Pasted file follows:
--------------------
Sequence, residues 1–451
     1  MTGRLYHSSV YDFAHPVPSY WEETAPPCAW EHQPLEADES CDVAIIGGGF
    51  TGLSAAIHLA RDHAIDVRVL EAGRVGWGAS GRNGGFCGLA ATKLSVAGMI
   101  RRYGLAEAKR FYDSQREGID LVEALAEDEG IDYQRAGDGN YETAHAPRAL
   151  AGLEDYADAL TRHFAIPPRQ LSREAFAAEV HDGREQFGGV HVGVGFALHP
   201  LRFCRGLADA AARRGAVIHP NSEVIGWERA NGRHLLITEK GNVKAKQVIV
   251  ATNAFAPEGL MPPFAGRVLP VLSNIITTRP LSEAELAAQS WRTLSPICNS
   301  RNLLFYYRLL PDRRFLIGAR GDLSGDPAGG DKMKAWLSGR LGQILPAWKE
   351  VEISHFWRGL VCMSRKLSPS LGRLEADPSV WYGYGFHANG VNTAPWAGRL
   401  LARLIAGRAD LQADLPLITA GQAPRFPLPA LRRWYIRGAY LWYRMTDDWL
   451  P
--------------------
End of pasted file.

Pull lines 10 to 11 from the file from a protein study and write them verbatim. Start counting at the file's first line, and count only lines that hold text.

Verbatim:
   401  LARLIAGRAD LQADLPLITA GQAPRFPLPA LRRWYIRGAY LWYRMTDDWL
   451  P